In Tokyo's trend-setting Harajuku district, one piece of street gear is essential: a late-model, Web-enabled cell phone. The twentysomething crowd favors NTT DoCoMo (NTDMY), the country's biggest wireless carrier and developer of i-mode, the world's first commercially viable wireless Net service. But chances are that the orange-haired teenagers hanging out in this youth mecca sport handsets from J-Phone: True, J-Phone's net service is more cumbersome than i-mode. But hey, J-Phone costs less, and the handsets boasting color LCD screens are just as cool as anything DoCoMo has to offer.
Harajuku represents the front line in the war pitting DoCoMo, with its 60% share of the cell-phone market, against two upstarts. First, there's KDDI Corp.'s Au Group, currently the No. 2 mobile operator, and J-Phone, in last place. Yet it's probably only a matter of time before J-phone becomes DoCoMo's chief rival. That's not just because of its growing popularity with fashionable teenagers, or the snazzy advertising that has raised J-Phone's profile. The mobile operator is about to become a part of the empire of Britain's Vodafone Group PLC (VOD), the world's largest wireless conglomerate. Vodafone just inked a deal to raise its 26% stake in J-Phone to 46% by buying out British Telecommunications PLC's (BTY) shares in both J-Phone and its parent, Japan Telecom. The alliance gives J-Phone access to Vodafone's deep pockets. "Thanks to Vodafone, J-Phone now stands a good chance of becoming No. 2 in Japan," says Andrew Cole, head of global wireless at Adventis Corp., a Boston consultancy.
It makes strategic sense for Vodafone to invest in Japan, which is conducting a nationwide experiment in living with the mobile Web. Since J-Phone and Au launched their own rival services to DoCoMo's i-mode, Japan's mobile Net population has reached 36 million. This competitive free-for-all has spawned more than 40,000 mobile Web sites that will check subscribers' horoscopes, trade stocks, and even alert shoppers whenever they pass their favorite boutiques. Vodafone can learn plenty from Japan and apply the lessons to its own struggling efforts in the wireless Web in Europe.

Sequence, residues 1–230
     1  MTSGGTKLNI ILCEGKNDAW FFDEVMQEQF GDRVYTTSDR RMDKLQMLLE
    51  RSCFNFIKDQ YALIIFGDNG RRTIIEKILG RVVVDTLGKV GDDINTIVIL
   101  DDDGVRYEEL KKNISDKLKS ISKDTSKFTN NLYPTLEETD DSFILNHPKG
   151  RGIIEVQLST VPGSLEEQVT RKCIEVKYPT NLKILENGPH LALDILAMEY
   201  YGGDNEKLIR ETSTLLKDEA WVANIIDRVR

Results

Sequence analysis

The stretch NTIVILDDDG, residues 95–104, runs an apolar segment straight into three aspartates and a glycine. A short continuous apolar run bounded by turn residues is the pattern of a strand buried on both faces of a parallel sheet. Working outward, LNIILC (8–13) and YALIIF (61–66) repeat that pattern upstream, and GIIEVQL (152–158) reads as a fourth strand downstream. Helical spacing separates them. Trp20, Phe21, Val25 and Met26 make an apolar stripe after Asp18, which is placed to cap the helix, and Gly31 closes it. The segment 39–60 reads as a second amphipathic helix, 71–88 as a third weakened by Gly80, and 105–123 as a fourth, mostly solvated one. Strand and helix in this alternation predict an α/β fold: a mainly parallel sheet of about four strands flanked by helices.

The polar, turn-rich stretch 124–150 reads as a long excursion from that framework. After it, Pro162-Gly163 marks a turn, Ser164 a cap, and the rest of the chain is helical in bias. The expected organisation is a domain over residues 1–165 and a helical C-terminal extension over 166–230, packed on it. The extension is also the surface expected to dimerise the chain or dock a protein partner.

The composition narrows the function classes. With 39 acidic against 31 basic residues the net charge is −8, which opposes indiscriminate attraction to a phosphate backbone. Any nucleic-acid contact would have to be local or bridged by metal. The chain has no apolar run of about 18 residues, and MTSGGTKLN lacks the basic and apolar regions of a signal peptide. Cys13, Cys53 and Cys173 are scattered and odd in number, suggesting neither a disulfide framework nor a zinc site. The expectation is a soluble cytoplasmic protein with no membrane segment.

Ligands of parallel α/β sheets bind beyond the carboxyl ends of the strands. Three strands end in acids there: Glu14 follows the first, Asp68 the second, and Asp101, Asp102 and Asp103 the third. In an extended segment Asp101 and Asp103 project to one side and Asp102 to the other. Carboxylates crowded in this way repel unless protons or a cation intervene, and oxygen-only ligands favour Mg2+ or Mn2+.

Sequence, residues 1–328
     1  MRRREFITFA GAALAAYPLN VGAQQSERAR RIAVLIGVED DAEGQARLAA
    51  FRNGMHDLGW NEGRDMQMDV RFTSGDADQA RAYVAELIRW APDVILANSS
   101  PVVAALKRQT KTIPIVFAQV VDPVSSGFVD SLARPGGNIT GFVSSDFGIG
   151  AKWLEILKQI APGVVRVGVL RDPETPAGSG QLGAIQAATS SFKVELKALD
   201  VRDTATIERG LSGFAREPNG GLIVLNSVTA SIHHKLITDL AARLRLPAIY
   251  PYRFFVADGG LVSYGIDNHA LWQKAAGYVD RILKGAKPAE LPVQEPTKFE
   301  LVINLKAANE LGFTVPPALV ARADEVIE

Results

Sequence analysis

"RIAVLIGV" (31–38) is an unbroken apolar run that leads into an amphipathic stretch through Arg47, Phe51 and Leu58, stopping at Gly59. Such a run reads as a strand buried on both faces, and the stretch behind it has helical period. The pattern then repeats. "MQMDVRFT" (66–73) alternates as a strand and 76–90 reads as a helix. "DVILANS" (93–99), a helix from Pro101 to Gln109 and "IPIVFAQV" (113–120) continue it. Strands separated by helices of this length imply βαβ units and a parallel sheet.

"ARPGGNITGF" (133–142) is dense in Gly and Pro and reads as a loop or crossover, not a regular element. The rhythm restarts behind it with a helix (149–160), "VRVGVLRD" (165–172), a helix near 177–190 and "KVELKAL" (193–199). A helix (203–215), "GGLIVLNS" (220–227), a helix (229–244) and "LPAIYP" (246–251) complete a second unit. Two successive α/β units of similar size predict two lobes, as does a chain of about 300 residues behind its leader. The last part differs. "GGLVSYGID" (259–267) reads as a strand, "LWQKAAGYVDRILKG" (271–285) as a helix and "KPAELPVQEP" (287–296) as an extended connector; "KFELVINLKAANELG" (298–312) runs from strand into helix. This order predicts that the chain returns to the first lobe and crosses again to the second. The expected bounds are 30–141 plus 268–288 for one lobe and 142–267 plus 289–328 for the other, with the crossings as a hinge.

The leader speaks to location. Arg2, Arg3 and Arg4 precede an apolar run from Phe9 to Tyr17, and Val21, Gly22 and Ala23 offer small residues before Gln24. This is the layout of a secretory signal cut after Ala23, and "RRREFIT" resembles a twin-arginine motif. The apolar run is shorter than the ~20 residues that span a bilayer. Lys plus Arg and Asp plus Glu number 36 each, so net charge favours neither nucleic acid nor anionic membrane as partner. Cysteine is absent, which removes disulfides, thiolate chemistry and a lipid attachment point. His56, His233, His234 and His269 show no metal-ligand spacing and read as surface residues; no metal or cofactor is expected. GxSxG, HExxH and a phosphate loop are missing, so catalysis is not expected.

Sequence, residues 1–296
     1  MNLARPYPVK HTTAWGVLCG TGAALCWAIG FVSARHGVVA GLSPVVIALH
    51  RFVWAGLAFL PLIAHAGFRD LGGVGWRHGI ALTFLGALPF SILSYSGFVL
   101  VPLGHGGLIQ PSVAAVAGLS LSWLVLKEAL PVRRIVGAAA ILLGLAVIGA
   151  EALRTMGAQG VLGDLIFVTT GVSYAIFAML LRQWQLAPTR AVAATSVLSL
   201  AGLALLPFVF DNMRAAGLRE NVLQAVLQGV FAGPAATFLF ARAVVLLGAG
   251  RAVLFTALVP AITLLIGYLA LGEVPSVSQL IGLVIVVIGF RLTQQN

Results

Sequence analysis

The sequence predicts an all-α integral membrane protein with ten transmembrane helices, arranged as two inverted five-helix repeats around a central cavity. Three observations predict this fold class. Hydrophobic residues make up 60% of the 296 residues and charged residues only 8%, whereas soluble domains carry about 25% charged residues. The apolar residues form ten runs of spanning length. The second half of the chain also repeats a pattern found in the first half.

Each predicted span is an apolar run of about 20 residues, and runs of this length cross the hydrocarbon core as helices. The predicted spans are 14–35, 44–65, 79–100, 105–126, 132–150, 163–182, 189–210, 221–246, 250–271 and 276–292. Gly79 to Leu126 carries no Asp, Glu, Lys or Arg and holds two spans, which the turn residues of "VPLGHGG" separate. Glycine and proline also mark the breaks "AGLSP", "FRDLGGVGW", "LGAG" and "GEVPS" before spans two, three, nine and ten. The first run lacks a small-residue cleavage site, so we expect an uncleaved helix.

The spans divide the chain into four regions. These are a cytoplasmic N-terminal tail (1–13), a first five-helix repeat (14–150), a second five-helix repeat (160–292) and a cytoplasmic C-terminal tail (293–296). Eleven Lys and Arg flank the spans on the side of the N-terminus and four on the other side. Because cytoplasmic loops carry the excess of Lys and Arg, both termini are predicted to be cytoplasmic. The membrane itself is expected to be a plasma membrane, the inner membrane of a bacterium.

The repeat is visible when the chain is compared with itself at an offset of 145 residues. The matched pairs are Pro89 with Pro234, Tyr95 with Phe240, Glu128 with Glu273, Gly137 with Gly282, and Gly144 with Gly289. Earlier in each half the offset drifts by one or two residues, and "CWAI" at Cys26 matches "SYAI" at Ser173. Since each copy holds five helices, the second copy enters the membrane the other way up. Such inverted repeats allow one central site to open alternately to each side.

In the past year alone, J-Phone's J-SKY mobile Net service has boosted its subscriber base sixfold, to 6.7 million. It launched the first map-downloading site one year ago and was also first on the market with handsets boasting built-in digital cameras--all the better to zap favorite snapshots to your friends and relatives. "We may not be the biggest, but we've got the No. 2 slot in brand recognition after i-mode," says Rick Timmons, who was sent over by BT to oversee the J-SKY business. By his account, the carrier has 50% of the teen market, 25% of those in their 20s, and 15% of those age 30 to 39.
MORE DIALING. There's no guarantee that Vodafone's hefty gamble on J-Phone will pay off. The teen market can be fickle. DoCoMo's Takeshi Natsuno, who oversees i-mode's content, maintains that many J-Phone users switch to DoCoMo once they enter the workforce. "J-Phone is popular simply because it's cheap," he says. What's more, J-Phone users need to dial up to access the Net, unlike DoCoMo's always-on service.
These are worrisome issues, considering that Vodafone is paying $5.3 billion for BT's stake. Moreover, Seiji Sanda, head of a Tokyo cell-phone billing service company, warns that there could be a clash of cultures if Vodafone attempts to exert control. "This will not be another Nissan, I assure you," says Sanda, referring to Renault's managerial takeover of the Japanese auto maker. "The more the gaijin [foreigners] try to exert influence at the top level, the more Japanese management will resist." On the other hand, the Vodafone connection could be a godsend for J-Phone. Highly dependent on the youth market, the company needs to develop business applications. Here it can use a hand from Vodafone, a company that grew big, in large part, by tailoring services for corporate customers. With its ample funds, Vodafone is also expected to help improve J-Phone's infrastructure, starting with a switch to an always-on connection.
DoCoMo, meanwhile, boasts 36 million voice customers, some 60% of whom also subscribe to i-mode. But J-Phone is about to become part of a global empire, centrally run by an aggressive British team. In comparison, DoComo is buying minority stakes in carriers around the world to win footholds in local markets--a timid strategy that avoids controlling non-Japanese telcos. If DoCoMo hopes to build up a heavyweight global presence of its own, it may be time to start taking lessons from Vodafone. By Irene M. Kunii in Tokyo